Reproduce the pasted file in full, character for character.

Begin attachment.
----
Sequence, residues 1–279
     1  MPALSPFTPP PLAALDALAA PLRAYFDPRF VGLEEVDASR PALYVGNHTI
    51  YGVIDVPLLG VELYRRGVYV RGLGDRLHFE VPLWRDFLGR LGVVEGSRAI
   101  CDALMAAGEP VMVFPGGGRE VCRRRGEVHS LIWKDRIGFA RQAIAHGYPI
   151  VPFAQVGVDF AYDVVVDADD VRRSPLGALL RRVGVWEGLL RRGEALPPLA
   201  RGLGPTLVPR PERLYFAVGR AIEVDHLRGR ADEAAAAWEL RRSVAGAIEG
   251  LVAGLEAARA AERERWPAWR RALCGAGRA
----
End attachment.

Sequence, residues 1–279
     1  MPALSPFTPP PLAALDALAA PLRAYFDPRF VGLEEVDASR PALYVGNHTI
    51  YGVIDVPLLG VELYRRGVYV RGLGDRLHFE VPLWRDFLGR LGVVEGSRAI
   101  CDALMAAGEP VMVFPGGGRE VCRRRGEVHS LIWKDRIGFA RQAIAHGYPI
   151  VPFAQVGVDF AYDVVVDADD VRRSPLGALL RRVGVWEGLL RRGEALPPLA
   201  RGLGPTLVPR PERLYFAVGR AIEVDHLRGR ADEAAAAWEL RRSVAGAIEG
   251  LVAGLEAARA AERERWPAWR RALCGAGRA